Big Data Advantage, part 3: “The Dude Abides.”

In my prior two posts about analytics, I highlighted the vast opportunity available in big data and the obstacles that prevent organizations from attaining tangible benefits: Complexity across fronts An onslaught of analytics tools The difficulty retaining the right skillsets Slowdowns in getting to insights and decisions But these hurdles can be overcome. For innovative businesses grappling with the realities of big data, an agile analytics environment provides the best of all approaches. Such a platform enables you to seize your big data advantage with a potent combination of system agility and the pervasive speed needed to deliver high-frequency insights. To address this need, Cray has fused supercomputing technology ... [ Read More ]

Making Sense of 50 Billion Triples: No Free Lunch

A lot of grandiose claims have been made promising that graph databases would allow easy ingest of all manner of disparate data and make sense of it ­– and uncover hidden relationships and meaning. This is, in fact, possible — but there are a few considerations that you need to account for to make your database useful to an analyst charged with making sense of the information. There simply is no free lunch; where time and effort are saved in one place, they must be expended (at least partially) elsewhere. Let’s take a look at the fundamental difference between graph databases and relational databases from which these claims stem: Rather than store data in rows and columns, graph databases store data in a simpler format that describes a ... [ Read More ]

Big Data Advantage, part 2: “This is a very complicated case . . . You know, a lotta ins, a lotta outs, lotta what-have-yous.”

In my last post on big data advantages, I wrote about the potential impact of big data and the types of things companies are looking to get out of their information. However, only four percent of companies extract the full value of their information assets, while 43 percent “obtain little tangible benefit from their information," according to PwC and Iron Mountain in their report “Seizing the information advantage.” Four percent — ouch! You see, although the internet of things and big data analytics have paved the way to previously unimaginable possibilities, they have also opened a Pandora’s box of complexity. And that leads me to another famous quote from “The Big Lebowski.” “This is a very complicated case . . . You know, a lotta ins, ... [ Read More ]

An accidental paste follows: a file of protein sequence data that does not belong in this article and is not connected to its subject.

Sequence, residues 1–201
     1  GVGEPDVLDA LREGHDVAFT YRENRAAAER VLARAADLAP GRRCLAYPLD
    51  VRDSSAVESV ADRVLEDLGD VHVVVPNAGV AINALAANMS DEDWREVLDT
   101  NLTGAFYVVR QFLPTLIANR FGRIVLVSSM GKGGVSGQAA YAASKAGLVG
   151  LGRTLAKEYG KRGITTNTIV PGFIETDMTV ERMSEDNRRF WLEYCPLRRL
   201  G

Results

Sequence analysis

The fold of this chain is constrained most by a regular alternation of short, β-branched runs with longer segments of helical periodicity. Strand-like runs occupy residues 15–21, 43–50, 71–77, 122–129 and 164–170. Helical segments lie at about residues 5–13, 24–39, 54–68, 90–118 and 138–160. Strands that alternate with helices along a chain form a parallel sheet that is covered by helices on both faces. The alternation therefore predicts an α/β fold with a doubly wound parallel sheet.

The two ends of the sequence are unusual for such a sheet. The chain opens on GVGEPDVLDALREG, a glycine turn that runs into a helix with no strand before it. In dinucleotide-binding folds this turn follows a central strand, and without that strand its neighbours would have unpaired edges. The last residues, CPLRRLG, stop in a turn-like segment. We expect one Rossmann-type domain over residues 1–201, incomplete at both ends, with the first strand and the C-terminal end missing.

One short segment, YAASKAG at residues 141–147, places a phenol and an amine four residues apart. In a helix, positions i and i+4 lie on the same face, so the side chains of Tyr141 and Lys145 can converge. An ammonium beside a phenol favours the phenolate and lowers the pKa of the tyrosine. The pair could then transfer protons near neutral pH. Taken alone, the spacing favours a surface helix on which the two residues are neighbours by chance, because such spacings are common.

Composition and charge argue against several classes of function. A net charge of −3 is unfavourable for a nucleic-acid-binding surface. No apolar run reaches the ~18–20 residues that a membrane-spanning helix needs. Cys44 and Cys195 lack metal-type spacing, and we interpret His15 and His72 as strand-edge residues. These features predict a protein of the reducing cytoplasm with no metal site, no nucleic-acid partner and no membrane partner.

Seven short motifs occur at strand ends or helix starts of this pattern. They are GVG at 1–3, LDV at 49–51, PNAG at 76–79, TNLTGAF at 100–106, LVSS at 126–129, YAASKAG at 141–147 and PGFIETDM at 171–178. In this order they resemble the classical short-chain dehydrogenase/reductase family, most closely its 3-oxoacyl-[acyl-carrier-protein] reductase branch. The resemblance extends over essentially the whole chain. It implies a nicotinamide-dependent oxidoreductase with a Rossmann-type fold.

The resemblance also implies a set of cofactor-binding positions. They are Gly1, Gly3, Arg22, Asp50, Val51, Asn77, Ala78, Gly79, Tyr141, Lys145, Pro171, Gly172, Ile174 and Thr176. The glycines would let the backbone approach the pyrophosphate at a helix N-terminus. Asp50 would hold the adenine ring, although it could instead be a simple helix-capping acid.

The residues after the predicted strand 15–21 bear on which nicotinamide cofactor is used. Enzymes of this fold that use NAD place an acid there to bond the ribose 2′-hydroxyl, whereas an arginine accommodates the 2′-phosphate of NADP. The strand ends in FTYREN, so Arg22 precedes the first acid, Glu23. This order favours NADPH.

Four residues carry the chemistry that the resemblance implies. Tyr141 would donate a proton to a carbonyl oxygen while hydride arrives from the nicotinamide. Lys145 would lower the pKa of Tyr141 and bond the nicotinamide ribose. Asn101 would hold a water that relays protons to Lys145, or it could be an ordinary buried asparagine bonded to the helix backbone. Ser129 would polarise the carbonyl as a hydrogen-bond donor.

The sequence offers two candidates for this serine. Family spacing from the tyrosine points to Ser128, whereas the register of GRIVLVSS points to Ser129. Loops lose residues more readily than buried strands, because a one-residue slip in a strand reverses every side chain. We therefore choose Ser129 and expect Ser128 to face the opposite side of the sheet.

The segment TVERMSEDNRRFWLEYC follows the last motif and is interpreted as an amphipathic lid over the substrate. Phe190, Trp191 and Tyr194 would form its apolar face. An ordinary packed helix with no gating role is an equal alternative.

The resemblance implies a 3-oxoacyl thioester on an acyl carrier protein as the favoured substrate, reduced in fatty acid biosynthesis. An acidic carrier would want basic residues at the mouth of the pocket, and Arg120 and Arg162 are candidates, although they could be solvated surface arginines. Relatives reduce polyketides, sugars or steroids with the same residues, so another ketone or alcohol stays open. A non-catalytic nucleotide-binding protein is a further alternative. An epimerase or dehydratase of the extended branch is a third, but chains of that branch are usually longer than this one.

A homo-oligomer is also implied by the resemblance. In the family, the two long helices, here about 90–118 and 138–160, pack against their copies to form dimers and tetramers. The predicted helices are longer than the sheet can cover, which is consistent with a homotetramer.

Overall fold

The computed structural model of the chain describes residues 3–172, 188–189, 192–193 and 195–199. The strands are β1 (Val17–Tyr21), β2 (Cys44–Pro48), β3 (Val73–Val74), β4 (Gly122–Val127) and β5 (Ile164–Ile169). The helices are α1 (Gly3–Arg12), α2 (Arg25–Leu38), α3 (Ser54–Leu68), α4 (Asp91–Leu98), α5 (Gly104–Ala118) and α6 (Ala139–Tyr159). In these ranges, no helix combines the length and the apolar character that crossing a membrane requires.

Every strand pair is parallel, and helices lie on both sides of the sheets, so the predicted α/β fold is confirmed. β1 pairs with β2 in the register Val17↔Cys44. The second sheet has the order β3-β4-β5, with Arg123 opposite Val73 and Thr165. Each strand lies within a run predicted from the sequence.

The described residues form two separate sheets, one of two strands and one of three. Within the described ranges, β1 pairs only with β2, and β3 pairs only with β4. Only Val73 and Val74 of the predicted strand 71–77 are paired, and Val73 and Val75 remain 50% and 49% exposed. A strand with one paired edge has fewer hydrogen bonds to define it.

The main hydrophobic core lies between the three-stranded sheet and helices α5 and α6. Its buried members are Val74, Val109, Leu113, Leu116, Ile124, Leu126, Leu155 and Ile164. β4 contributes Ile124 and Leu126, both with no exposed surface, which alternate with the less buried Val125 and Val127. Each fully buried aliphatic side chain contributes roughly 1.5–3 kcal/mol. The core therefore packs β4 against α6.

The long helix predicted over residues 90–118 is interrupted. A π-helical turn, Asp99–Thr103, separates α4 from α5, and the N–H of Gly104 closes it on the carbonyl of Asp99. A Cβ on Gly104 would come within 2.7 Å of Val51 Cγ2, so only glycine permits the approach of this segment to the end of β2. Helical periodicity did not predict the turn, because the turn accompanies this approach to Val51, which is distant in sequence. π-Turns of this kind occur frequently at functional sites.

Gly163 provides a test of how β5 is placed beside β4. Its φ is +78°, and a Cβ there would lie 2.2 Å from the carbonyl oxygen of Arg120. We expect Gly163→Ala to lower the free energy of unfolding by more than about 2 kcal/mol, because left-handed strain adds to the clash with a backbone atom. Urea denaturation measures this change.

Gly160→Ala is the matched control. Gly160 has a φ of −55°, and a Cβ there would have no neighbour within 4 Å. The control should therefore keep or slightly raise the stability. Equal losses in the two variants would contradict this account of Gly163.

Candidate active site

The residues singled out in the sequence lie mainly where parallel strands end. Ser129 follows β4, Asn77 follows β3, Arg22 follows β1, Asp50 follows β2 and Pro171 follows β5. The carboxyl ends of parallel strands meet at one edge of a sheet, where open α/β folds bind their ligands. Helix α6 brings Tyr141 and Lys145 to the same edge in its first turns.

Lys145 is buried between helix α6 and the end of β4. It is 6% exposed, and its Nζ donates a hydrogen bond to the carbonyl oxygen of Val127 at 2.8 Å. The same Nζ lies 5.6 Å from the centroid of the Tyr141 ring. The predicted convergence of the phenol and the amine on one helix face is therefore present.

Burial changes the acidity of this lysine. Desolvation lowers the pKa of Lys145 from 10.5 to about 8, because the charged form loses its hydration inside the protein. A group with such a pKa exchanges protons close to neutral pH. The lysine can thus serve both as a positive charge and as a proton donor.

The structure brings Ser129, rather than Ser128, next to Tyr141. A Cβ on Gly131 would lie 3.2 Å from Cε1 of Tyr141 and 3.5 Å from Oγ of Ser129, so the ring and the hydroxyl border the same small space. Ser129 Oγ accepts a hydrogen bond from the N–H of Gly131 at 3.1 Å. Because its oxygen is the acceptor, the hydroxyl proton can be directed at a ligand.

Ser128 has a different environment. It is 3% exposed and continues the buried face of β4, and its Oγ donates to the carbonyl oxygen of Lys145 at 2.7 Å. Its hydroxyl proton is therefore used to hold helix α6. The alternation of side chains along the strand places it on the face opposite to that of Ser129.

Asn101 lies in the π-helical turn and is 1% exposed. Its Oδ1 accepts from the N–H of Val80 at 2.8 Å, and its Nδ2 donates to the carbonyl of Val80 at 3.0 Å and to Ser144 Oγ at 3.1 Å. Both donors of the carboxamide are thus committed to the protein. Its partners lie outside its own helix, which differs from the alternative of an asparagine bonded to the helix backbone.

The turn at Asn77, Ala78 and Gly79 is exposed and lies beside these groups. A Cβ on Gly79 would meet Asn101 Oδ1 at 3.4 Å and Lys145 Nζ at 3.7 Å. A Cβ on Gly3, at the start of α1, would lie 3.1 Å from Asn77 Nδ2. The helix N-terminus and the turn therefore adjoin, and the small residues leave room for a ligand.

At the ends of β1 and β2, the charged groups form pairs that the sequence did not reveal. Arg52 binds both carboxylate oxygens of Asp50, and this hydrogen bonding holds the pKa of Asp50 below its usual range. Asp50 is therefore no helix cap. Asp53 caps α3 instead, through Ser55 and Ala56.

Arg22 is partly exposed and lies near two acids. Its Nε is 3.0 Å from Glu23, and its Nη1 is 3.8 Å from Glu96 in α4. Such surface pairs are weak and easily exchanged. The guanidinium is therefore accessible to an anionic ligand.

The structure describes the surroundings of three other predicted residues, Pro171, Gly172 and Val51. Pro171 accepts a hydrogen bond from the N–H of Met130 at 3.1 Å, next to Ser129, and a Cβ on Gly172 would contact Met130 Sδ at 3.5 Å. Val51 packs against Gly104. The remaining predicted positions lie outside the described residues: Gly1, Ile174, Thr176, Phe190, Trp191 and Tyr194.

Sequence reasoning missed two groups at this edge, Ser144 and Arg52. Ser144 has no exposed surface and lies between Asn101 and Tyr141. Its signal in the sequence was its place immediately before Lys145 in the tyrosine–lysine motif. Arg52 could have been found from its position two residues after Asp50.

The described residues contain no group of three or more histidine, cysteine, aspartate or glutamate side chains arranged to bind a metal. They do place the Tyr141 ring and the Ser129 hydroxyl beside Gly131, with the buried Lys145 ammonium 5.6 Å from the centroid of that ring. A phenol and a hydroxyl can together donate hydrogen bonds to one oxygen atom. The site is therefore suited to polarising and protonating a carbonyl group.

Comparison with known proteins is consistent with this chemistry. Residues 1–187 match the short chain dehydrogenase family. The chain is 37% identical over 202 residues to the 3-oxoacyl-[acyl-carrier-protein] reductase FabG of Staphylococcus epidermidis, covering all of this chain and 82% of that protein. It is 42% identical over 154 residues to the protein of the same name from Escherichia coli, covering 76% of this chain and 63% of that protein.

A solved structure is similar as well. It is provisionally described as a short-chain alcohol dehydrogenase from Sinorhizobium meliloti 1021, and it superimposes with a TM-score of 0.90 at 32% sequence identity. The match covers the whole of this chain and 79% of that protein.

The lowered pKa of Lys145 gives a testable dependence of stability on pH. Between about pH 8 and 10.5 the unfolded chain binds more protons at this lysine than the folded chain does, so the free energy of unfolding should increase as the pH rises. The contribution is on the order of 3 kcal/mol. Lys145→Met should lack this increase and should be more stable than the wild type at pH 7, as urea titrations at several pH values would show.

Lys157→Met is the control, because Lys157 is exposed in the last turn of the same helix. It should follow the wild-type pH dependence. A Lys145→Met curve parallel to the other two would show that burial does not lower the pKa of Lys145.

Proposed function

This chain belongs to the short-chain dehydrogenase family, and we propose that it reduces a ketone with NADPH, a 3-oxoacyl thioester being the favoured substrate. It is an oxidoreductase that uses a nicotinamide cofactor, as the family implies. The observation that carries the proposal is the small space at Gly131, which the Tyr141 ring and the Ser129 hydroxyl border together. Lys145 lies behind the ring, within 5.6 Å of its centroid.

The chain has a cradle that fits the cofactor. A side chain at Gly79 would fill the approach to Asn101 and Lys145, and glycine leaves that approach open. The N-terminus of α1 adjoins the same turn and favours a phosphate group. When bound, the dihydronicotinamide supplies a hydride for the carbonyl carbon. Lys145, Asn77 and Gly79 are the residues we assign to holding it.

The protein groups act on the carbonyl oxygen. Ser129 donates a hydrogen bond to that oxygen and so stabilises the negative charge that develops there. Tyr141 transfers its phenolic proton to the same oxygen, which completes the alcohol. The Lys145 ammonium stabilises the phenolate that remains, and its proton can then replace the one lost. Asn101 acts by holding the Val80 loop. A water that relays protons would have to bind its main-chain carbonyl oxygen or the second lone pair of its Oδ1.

Cray recognized by Forrester and Gartner

Cray is fortunate to have earned the recognition and loyalty of customers worldwide. We’re also honored to receive industry recognition, as is the case with two recent reports from industry analyst firms Forrester and Gartner, the top research and advisory firms providing IT-related insights. Forrester notes Cray’s commitment to analytics The recognition from Forrester comes on the heels of Cray’s highly anticipated launch of the first agile analytics platform, the Cray® Urika®-GX system. The Forrester Wave™: Big Data Hadoop Optimized Systems, Q2 2016 report named Cray a “Strong Performer.” In the report, Forrester defines Hadoop®-optimized systems as: Preconfigured hardware platforms comprising CPU, memory, and/or disk that are ... [ Read More ]

Big Data Advantage, part 1: “It’s down there somewhere. Let me take another look.”

Probably like many of you, the Cray team likes to debate and muse about industry trends when we meet over lunch or drinks. I enjoy our banter – it’s part of what makes it so much fun to work at Cray. In that spirit, I wanted to share some of what I’ve found most interesting in a few posts about what I call “big data advantage.” By now, we’re pretty used to hearing about the potential of big data: new breakthroughs, unforeseen opportunities and disruptive industry impact. And although there have been serious advancements, most businesses still struggle to take full advantage of big data. In fact, I’m sometimes reminded of a line from “The Big Lebowski,” where the Dude says, “It’s down there somewhere. Let me take another look.” So ... [ Read More ]